Presidential debate covers policy, personal attacks


Molly Dotson

Audience members laugh at Donald Trump’s rebutal to a question reguarding his tax information during the Presidential Debate Monday in Lumpkin Auditorium. Addison Bounds (grey Adidas shirt), a senior marketing major, said he thought this part of the debate was especially laughable because Trump’s response was “just very off topic.”

Samuel Nusbaum, Administration Reporter


The first presidential debate was full of policy and personal attacks, as well as plans for the future.

Students gathered Monday night in the Roberson Auditorium in Lumpkin Hall to watch the two presidential candidates discuss topics including the economy, national security and race relations in the United States.

Hillary Clinton, the Democratic nominee, talked about investing in the people’s future to create jobs. She said she wants to close corporate loopholes which will help get money into the economy and invest in renewable in order to make the United States the clean energy powerhouse.

Donald Trump, the Republican nominee, said jobs are fleeing the country and heading to countries such as Mexico, China and countries in the Middle East. He aims to make sure America looks good enough that companies will not outsource their jobs to other countries because he sees other countries as using outsourced U.S. jobs as rebuilding China.

Trump also said he would re-negotiate the U.S.’s trade deals.

Clinton said her economic plan would create jobs, while Trumps would cause the U.S. to lose jobs.

When discussing taxes, Trump said he would get rid of taxes, which hurt the wealthy, stating those are the people who create the jobs which fuel the economy.

Clinton responded by saying Trump is advocating for trickle-down economics, similar to what President Ronald Reagan had advocated for during his presidency.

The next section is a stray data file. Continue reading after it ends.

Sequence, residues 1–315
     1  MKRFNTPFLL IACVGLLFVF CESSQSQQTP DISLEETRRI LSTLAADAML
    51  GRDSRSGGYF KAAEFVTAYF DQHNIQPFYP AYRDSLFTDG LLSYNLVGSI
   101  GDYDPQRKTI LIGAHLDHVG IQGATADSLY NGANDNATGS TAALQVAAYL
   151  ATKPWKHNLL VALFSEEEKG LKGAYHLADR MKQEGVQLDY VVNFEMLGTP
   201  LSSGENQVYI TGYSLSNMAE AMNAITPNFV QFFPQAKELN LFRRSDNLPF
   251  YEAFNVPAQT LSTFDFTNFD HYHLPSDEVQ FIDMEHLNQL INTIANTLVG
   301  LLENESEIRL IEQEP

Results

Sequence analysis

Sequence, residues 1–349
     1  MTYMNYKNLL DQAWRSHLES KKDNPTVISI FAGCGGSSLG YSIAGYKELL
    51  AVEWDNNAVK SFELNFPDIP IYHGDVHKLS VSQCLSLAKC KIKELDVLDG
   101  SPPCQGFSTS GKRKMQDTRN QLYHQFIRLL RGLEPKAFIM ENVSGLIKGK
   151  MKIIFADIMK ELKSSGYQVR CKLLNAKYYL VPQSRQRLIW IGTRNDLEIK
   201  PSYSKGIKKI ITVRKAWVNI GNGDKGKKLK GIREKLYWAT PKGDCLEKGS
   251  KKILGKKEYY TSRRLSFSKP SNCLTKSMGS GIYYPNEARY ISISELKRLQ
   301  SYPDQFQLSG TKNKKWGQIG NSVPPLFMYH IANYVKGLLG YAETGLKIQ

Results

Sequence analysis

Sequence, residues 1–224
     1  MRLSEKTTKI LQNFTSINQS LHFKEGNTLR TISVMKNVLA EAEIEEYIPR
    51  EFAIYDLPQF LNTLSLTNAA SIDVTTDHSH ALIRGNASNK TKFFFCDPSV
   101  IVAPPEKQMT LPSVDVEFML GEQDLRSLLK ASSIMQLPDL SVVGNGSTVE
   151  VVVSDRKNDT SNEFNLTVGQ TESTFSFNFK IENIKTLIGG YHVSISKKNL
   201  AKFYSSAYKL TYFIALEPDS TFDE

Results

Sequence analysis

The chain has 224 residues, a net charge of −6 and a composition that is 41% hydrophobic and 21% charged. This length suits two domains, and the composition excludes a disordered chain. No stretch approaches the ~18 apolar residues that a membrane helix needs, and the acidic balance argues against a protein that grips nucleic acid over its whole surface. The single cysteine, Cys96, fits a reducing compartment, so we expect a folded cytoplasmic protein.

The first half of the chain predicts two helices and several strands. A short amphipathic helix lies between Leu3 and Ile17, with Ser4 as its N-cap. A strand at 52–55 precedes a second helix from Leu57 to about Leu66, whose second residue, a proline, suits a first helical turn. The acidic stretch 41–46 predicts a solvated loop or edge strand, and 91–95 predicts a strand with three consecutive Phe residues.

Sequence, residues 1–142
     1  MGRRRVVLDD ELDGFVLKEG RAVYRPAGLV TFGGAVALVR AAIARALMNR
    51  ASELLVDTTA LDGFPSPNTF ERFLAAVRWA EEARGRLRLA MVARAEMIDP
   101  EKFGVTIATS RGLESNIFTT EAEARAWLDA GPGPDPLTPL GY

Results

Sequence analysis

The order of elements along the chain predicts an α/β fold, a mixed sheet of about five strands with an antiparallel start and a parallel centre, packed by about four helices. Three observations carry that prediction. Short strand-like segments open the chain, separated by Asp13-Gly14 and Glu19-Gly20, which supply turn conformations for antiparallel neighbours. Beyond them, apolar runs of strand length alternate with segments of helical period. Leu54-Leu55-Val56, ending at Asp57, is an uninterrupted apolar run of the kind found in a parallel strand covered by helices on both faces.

Debate moderator Lester Holt asked questions on the controversies surrounding each candidate, including the refusal of Trump to release his tax returns and Clinton’s email scandal.

Trump said he is under an audit, which he claims is a common occurrence for him and he cannot release his tax returns.

He said, in a show of spectacle, he would release his tax returns against his own lawyers’ advice if Clinton would release all of the emails she has kept hidden during the investigation against her personal email server.

Lester interjected, saying it is possible for a person to release their tax returns while under an audit.

Clinton said Trump should release his tax returns because all other presidential nominees whether they have won or not, have done so. She said because Trump has kept his to himself, he must be hiding something.

When it came to race relations, the two candidates did agree on one topic.

They both agreed the relationships between communities and the police departments of the country have deteriorated, and part of fixing the problems of gangs and gun violence in the country is to heal those wounds.

Clinton said there must be better training for the police in scenarios where force will be necessary.

Trump said many people are living in horrible conditions and cited the number of deaths in Chicago since President Barack Obama has taken office as an example of people living in horrible conditions. He also said many of the gang members were in the country illegally.

A point Trump made stirred some controversy in the auditorium of Hofstra University, where the debate was held.

He said the police practice of stop and frisk worked and should still be used. Stop and frisk was used by the New York Police department as a way to make sure a pedestrian was not armed while they were talking to an officer.

The practice was ruled unconstitutional and the practice was abandoned.

As far as the email scandal Clinton was part of, she said she regrets setting the server up and she would not make the server again if she could go back in time.

Trump said setting up a private email server is not something that is done on accident and was upset how many of her people pleaded the fifth during the hearings.

Jay Abell, a political science major said he wished Trump could be more descriptive on certain topics such as the economy. Abell said he would have wanted to hear how Trump would create jobs.

Abell thinks Trump won the debate by a slim margin, though is not the biggest fan of him.

“He was not my first choice during the primaries,” Abell said.

Abell said he liked Jeb Bush, but is sticking with his party and voting Republican.

Abell said he agreed completely with Clinton in regards to her comments on race and the police.

Kelli Halfman, a graduate student and communication studies major, said she thinks the debate as a whole was interesting and that Clinton won the debate.

She said the constant personal attacks were interesting and comical.

While she thinks Clinton told the audience what they wanted to hear, she had a different view of Trump.

“I feel like he deflected a lot,” Halfman said.

She also said Trump was rude and interrupted a lot.

After the debate had ended, a vote was held as to who had won the debate, with Clinton winning soundly among those present.

Samuel Nusbaum can be reached at 581-2812 or at [email protected].